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Michigan Leans Towards Incarceration Penalties More Often

Michigan Leans Towards Incarceration Penalties More Often

While the state has shifted some policies to keep more people out of prison, a new study shows the state still has a heavy lean towards incarceration.

The report from the Council for State Governments Justice Center shows of all felony convictions in 2012, 76 percent were sentenced to either jail or prison, up from 70 percent in 2008.

It also found that of those sentenced for crimes where prison, jail or probation would be appropriate, only 12 percent were given probation and 56 percent went to county jail.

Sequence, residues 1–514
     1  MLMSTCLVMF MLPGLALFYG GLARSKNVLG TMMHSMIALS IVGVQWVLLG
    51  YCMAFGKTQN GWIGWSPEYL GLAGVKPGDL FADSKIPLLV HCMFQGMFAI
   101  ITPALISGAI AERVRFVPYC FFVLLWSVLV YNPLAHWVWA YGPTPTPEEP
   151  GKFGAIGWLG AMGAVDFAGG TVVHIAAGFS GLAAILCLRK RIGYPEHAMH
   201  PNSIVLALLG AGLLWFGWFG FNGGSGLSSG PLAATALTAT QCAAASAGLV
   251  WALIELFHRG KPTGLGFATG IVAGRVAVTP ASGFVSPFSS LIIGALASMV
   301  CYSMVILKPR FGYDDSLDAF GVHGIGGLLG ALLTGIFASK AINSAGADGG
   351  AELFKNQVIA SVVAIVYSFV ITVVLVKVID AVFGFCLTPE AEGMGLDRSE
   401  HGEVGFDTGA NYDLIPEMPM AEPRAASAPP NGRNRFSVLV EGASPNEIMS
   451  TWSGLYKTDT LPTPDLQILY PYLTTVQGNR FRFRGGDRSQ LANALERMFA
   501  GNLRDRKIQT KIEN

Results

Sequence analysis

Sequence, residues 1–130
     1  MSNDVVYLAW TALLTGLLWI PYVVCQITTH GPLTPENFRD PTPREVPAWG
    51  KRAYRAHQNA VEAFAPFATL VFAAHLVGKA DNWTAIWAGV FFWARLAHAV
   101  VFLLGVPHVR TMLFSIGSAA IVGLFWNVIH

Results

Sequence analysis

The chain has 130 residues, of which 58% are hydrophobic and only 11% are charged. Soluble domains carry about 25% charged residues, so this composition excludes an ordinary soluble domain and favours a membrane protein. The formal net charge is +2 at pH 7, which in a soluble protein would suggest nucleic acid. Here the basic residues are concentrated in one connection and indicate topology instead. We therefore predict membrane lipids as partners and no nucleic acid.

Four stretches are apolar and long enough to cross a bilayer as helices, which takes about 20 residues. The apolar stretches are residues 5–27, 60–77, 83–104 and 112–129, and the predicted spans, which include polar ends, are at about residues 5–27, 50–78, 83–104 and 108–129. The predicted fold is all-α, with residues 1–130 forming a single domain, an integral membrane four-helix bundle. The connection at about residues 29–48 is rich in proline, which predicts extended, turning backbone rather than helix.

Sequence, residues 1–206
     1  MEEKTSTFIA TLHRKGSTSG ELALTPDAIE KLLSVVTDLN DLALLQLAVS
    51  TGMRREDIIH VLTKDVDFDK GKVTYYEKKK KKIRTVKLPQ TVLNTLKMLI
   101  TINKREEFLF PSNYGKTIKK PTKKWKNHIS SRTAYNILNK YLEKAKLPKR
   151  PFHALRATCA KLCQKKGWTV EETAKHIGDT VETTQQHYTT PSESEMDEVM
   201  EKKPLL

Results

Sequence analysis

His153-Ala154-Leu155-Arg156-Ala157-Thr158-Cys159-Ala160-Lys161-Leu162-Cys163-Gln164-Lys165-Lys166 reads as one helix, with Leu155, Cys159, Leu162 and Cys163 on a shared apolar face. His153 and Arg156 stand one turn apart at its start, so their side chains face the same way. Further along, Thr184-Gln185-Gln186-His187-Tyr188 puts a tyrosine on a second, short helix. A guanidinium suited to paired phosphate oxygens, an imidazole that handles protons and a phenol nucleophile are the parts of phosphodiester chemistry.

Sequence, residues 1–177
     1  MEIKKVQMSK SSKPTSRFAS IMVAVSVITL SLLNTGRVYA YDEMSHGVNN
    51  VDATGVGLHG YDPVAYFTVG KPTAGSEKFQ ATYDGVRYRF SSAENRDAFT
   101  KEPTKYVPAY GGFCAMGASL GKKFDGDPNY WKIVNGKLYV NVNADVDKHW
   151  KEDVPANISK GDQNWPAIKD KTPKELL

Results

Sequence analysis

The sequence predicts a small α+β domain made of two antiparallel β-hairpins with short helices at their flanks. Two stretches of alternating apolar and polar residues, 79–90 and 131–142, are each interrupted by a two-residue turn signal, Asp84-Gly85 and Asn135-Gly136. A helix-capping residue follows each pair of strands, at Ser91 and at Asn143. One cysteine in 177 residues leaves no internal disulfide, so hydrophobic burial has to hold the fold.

In 2012, 74 percent of those convicted of the least serious felonies were incarcerated. That was up from 61 percent in 2008.

Gongwer news service reports prosecutors saw the increases being the result of the state's crime problem, while defense attorneys saw a push in statute toward more incarceration and longer minimum sentences.

 

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